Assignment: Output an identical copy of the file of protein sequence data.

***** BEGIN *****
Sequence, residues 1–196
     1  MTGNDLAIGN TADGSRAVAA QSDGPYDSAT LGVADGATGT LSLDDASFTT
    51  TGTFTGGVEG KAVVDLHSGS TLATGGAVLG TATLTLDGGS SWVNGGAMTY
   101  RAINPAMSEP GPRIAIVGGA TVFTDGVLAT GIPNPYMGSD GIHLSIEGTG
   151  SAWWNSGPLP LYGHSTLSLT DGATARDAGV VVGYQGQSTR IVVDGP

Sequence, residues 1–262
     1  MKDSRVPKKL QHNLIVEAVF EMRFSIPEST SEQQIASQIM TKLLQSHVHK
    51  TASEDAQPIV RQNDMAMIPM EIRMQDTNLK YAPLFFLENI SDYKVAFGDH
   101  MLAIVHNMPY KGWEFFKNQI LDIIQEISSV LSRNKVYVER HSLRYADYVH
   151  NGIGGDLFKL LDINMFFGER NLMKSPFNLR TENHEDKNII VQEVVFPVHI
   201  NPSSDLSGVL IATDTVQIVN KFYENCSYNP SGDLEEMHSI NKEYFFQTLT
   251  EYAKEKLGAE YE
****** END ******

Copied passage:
Sequence, residues 1–196
     1  MTGNDLAIGN TADGSRAVAA QSDGPYDSAT LGVADGATGT LSLDDASFTT
    51  TGTFTGGVEG KAVVDLHSGS TLATGGAVLG TATLTLDGGS SWVNGGAMTY
   101  RAINPAMSEP GPRIAIVGGA TVFTDGVLAT GIPNPYMGSD GIHLSIEGTG
   151  SAWWNSGPLP LYGHSTLSLT DGATARDAGV VVGYQGQSTR IVVDGP

Sequence, residues 1–262
     1  MKDSRVPKKL QHNLIVEAVF EMRFSIPEST SEQQIASQIM TKLLQSHVHK
    51  TASEDAQPIV RQNDMAMIPM EIRMQDTNLK YAPLFFLENI SDYKVAFGDH
   101  MLAIVHNMPY KGWEFFKNQI LDIIQEISSV LSRNKVYVER HSLRYADYVH
   151  NGIGGDLFKL LDINMFFGER NLMKSPFNLR TENHEDKNII VQEVVFPVHI
   201  NPSSDLSGVL IATDTVQIVN KFYENCSYNP SGDLEEMHSI NKEYFFQTLT
   251  EYAKEKLGAE YE